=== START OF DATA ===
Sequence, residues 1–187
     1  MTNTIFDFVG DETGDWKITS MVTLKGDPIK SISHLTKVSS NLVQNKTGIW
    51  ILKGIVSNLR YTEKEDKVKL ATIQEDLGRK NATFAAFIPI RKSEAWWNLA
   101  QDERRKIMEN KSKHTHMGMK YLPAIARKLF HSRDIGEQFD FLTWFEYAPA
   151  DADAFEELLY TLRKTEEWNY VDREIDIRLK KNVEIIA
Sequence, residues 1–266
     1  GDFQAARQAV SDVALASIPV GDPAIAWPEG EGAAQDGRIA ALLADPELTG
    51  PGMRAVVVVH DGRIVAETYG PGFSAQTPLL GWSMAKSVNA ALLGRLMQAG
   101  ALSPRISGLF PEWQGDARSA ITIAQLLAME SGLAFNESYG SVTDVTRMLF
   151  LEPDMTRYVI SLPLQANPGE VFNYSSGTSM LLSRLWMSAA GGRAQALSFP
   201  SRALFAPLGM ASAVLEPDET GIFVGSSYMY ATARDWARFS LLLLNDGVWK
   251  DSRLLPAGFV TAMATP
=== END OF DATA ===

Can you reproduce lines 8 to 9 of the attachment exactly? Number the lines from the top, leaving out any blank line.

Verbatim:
    51  PGMRAVVVVH DGRIVAETYG PGFSAQTPLL GWSMAKSVNA ALLGRLMQAG
   101  ALSPRISGLF PEWQGDARSA ITIAQLLAME SGLAFNESYG SVTDVTRMLF